Supreme Court Decision Benefits Nebraska Water Users, Taxpayers

Supreme Court Decision Benefits Nebraska Water Users, Taxpayers


The hard work of the Nebraska Department of Natural Resources, Attorney General's Office and Natural Resources Districts in the Republican Basin has resulted in a favorable decision by the U.S. Supreme Court.

The U.S. Supreme Court ruled on Tuesday in favor of a water-accounting change that could be worth approximately $20 million annually to Nebraska and significantly reduce the amount of water that must be provided to Kansas in years when action is needed to maintain compliance with the Republican River Compact.

"The accounting counter-claim granted to Nebraska by the court dwarfs the $5.5 million awarded to Kansas in terms of significance," said Jasper Fanning, manager of the Upper Republican NRD in Imperial. "The $5.5 million was a one-time penalty. The accounting change is an ongoing benefit worth about three times that to Nebraska on an annual basis."

Kansas had originally sought about $70 million in damages and a permanent irrigation shutdown on about 300,000 acres.

"The credit goes to Acting Department of Natural Resources Director Jim Schneider and former Director Brian Dunnigan," Fanning said. "The changes the Department made under their leadership and the work they did with the Attorney General's Office are the reason Nebraska was so successful in litigation and continues to move forward working with Kansas and Colorado to avoid litigation and improve outcomes for water users in all states in the future."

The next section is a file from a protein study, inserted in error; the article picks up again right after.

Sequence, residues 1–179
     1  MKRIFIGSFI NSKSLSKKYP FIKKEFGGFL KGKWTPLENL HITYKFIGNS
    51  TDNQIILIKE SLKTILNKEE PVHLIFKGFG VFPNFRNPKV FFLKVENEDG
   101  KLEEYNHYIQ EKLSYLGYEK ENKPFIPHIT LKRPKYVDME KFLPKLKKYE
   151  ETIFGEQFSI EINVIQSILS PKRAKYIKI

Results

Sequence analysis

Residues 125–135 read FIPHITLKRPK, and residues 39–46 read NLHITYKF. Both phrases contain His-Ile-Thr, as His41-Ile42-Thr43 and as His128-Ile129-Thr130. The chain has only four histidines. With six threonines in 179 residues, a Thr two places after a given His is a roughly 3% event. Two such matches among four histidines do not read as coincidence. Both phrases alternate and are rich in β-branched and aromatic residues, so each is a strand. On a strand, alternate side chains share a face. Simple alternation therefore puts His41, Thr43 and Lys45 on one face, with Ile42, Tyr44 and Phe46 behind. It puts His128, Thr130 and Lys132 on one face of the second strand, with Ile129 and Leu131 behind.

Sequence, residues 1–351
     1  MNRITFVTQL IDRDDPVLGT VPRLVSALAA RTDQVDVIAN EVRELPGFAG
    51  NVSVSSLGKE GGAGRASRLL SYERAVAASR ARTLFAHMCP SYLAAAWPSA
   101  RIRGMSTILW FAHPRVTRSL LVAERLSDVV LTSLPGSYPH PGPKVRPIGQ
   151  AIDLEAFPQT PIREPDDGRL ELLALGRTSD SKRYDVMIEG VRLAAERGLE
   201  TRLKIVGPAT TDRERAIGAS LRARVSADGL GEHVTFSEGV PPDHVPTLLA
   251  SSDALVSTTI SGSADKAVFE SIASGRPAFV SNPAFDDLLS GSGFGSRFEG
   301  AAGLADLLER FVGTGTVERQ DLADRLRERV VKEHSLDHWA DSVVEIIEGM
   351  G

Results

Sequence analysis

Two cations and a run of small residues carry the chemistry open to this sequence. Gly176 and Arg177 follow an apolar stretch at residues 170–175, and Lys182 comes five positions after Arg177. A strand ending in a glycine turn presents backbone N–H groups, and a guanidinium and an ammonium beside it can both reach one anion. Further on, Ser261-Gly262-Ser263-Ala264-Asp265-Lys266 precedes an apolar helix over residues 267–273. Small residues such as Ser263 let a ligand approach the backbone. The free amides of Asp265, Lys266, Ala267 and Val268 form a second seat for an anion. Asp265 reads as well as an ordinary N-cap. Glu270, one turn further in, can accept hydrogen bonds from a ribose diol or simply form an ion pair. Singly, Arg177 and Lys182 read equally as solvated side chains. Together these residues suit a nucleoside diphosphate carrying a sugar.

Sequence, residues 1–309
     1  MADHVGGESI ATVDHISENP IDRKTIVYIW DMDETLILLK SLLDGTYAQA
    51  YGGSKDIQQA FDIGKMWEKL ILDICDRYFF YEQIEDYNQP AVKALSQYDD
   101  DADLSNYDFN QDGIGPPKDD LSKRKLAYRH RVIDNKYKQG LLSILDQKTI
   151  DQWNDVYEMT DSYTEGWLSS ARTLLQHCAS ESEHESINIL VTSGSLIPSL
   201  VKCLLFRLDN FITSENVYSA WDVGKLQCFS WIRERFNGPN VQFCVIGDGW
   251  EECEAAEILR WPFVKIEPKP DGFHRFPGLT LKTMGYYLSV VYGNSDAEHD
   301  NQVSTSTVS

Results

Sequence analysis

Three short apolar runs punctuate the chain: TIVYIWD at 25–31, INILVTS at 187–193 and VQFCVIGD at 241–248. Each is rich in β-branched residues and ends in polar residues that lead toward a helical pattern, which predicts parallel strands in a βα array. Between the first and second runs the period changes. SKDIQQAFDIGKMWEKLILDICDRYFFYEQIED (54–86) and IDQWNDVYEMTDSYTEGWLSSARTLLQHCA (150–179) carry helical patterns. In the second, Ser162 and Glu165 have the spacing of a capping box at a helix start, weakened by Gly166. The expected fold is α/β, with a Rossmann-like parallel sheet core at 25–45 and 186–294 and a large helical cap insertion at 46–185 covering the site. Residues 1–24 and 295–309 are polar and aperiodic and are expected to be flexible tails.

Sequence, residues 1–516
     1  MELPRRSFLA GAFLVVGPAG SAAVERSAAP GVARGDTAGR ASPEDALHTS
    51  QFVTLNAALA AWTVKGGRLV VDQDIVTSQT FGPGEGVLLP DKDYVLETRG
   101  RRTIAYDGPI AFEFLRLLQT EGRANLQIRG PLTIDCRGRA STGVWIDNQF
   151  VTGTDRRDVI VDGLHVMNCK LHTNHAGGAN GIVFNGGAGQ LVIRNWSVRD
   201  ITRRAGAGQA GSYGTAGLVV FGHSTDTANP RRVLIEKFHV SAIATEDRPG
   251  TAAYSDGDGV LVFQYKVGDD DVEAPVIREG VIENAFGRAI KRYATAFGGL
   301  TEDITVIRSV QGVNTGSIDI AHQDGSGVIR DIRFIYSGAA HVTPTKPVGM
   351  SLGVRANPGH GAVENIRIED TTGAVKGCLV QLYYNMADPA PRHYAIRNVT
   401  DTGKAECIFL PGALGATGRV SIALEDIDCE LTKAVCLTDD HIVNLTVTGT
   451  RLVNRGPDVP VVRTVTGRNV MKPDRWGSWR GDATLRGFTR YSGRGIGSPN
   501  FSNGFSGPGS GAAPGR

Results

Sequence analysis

The accounting change approved by the high court will ensure that Nebraska is no longer charged for consumption of so-called imported groundwater that seeps into the Republican River Basin from the Platte River Basin. Because Nebraska has been wrongly charged with consuming that water in the Republican Basin as if the water originated in the Republican Basin, the NRDs and State of Nebraska have had to supply Kansas with more water than otherwise would have been necessary. The amount of imported water Nebraska will no longer be charged with consuming is significant - it will vary year to year but could be in the range of 10,000 acre feet annually.

That is equal to about 25% of Nebraska's alleged overuse in 2005 and 2006, the years for which Nebraska was sued by Kansas. Had the accounting change been in place in 2013, for example, Nebraska would have had to have taken little or no action to stay in compliance and in 2014 it would have reduced the amount of water pumped under the NRD augmentation projects substantially.

For more information, contact Nate Jenkins at 308-883-1535